Apple Reportedly to Open Siri Platform to Developers

Also rumored is that Apple is working on a Siri-based standalone speaker to take on the Amazon Echo and similar products, say reports.  

Apple, Siri, personal digital assistants, Google, Amazon Echo, voice-controlled

Apple plans to open up its Siri personal digital assistant application to third-party developers to extend its use, while also working to develop its own Siri-based version of Amazon's Echo voice-controlled digital assistant for home and office use.

The rumored Siri developments were reported May 24 by The Washington Post, which said the plans came from a person with direct knowledge of the alleged plans. Interestingly, Apple could be a bit late to the Echo market. In March, rumors began flowing that Google was working on its own such Echo competitor in a voice-activated product that is under development.

Apple could divulge its plans to open Siri up to outside developers at its Worldwide Developers Conference (WWDC) from June 13 to 17 in San Francisco, The Post reported.

By opening up its Siri technology to outside developers, it could gain new features and capabilities faster and help Apple expand its market for Siri-based products. "At the very least, these rumors could show that Apple is finally willing to build a broader coalition as it looks for more worlds to conquer," the story reported.

Apple did not immediately respond to an email inquiry from eWEEK seeking comments about the reports.

The original Amazon Echo debuted in late 2014, but initially, it was available by invitation only, according to an earlier eWEEK story. The Echo voice-activated personal digital assistant became available to all customers in June 2015.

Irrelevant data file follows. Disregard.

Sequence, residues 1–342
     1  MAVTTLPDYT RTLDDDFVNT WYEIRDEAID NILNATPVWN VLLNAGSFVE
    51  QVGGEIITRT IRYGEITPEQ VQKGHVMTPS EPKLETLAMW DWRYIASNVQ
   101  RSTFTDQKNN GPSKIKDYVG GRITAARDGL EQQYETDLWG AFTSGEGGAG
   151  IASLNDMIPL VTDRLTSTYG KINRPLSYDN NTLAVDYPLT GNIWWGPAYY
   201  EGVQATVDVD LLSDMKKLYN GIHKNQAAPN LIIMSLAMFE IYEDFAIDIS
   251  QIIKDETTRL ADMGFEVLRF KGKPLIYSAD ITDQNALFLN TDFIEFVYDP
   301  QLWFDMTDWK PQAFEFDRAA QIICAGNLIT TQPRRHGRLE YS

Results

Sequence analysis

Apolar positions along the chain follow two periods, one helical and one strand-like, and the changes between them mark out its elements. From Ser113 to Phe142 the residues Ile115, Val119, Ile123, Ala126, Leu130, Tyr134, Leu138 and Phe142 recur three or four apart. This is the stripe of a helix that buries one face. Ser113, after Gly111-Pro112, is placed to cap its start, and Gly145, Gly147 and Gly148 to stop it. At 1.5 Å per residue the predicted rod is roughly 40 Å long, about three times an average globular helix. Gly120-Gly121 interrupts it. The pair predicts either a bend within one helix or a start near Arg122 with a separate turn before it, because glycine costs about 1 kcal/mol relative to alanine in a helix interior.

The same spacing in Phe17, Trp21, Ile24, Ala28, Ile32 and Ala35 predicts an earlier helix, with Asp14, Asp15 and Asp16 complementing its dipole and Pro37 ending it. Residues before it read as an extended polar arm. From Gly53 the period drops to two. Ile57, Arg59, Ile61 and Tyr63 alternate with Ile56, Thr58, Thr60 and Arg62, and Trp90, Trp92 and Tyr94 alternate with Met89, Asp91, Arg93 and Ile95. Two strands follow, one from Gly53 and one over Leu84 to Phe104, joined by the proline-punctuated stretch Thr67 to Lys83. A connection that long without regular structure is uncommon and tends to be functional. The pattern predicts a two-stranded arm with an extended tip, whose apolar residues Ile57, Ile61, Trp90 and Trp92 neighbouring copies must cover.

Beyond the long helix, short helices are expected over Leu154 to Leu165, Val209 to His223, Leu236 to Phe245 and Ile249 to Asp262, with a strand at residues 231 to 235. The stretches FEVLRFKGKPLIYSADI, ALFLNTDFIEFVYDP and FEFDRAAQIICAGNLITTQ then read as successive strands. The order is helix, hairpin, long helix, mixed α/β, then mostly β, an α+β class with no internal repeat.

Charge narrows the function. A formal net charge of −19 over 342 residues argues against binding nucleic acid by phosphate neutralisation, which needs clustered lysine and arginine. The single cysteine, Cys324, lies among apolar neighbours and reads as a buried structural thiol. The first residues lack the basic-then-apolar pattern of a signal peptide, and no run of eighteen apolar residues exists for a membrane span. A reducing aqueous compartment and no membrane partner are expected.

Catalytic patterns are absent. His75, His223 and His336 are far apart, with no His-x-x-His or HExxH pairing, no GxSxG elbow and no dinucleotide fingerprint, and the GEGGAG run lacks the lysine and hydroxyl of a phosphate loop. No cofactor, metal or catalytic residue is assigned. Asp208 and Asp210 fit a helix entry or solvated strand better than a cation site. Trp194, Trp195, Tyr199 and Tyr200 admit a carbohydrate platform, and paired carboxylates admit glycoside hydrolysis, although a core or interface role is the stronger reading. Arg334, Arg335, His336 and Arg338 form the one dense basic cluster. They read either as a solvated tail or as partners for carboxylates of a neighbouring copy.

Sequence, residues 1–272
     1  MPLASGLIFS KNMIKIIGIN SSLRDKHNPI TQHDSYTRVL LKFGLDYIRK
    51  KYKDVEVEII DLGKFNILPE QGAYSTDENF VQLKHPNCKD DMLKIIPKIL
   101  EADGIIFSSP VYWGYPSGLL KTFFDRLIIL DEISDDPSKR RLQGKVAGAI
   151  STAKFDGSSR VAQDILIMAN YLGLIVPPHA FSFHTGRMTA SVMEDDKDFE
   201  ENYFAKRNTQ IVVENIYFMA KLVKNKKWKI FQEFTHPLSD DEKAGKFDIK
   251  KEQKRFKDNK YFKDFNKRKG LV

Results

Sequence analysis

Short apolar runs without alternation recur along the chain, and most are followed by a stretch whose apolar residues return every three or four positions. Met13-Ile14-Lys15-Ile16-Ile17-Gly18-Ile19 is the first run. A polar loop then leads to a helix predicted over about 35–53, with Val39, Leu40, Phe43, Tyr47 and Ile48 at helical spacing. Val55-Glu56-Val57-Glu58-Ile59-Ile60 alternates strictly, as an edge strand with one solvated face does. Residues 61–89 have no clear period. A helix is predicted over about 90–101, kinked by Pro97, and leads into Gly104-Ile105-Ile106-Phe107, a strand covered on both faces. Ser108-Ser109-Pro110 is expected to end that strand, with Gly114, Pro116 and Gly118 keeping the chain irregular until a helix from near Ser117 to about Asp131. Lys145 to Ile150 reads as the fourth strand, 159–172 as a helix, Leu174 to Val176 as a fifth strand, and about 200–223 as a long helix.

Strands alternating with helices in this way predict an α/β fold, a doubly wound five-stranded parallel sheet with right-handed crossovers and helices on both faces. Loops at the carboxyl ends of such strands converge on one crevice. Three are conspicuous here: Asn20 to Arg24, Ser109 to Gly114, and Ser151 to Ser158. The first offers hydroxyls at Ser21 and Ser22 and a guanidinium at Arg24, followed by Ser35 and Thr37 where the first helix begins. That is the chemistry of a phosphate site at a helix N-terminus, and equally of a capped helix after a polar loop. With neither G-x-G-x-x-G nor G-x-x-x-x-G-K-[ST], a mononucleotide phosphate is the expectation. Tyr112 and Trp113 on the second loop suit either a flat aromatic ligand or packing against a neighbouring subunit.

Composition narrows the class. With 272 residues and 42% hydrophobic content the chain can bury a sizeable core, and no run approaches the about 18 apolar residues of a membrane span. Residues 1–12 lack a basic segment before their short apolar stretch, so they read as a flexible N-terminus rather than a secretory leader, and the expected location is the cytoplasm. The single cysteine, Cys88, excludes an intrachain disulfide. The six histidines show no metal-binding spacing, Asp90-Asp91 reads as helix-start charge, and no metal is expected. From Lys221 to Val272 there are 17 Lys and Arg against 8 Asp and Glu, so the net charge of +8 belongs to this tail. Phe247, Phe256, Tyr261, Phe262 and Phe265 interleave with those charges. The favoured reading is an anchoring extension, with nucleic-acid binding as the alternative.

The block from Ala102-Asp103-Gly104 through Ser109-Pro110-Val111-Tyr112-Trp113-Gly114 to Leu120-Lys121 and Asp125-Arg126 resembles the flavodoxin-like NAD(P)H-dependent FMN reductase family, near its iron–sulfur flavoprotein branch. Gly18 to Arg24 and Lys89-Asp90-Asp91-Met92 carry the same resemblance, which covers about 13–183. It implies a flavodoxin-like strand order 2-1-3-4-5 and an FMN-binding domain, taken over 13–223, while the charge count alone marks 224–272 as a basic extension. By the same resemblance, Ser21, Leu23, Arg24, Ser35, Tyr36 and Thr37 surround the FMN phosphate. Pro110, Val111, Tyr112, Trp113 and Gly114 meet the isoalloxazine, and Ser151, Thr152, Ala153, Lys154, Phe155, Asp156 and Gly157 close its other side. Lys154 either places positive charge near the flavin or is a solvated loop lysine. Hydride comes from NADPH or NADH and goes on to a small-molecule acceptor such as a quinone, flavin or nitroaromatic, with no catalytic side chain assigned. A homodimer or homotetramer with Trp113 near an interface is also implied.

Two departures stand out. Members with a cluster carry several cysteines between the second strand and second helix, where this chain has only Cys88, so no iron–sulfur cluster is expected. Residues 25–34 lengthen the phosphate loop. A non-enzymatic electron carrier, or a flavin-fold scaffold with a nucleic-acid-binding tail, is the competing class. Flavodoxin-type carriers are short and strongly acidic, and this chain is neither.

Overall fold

This past March, Amazon launched its latest Echo family members, the smaller Echo Dot and the Amazon Tap, both of which include Alexa voice-recognition capabilities. The devices extended the Echo lineup with new ways for users to manage their lives through electronic personal digital assistants that can help them simplify tasks and get more accomplished.

The Echo Dot is a hands-free, voice-controlled device that uses Alexa voice recognition to help users with a variety of requests, from playing music to controlling smart home devices and more.

The Amazon Tap is more specialized, serving as an Alexa-enabled portable Bluetooth and WiFi speaker that users can activate with a tap of its microphone button to then ask for music, news reports, Web searches or more, using verbal commands and Alexa. The Echo Dot is priced at $89.99 and is exclusively for Amazon Prime members, while the Amazon Tap is priced at $129.99.

The Echo Dot uses the Alexa Voice Service to play streaming music from Amazon Prime Music, Spotify, Pandora, iHeartRadio and TuneIn. The device can also function as an alarm clock and can control smart home devices. The Dot features a built-in speaker, which can be configured to operate through a home WiFi network, and its companion Alexa App is compatible with Fire OS, Android and iOS devices. The app is also accessible via a Web browser. The device is designed to accept voice commands from users from across a room using its far-field voice-recognition capabilities, even while music is playing. The Echo Dot looks like a hockey puck, measuring 3.3 inches around and 1.5 inches tall, and weighing about 8.8 ounces.

The Amazon Tap portable Bluetooth and WiFi speaker system includes dual stereo speakers with Dolby processing and 360-degree omni-directional audio, as well as up to nine hours of use on a full charge. Users can stream music from their smartphones or tablets with the device, which can be connected to WiFi or a mobile hotspot. The Tap is 6.2 inches tall and 2.6 inches around, and weighs 16.6 ounces.

The original Amazon Echo sells for $179.99.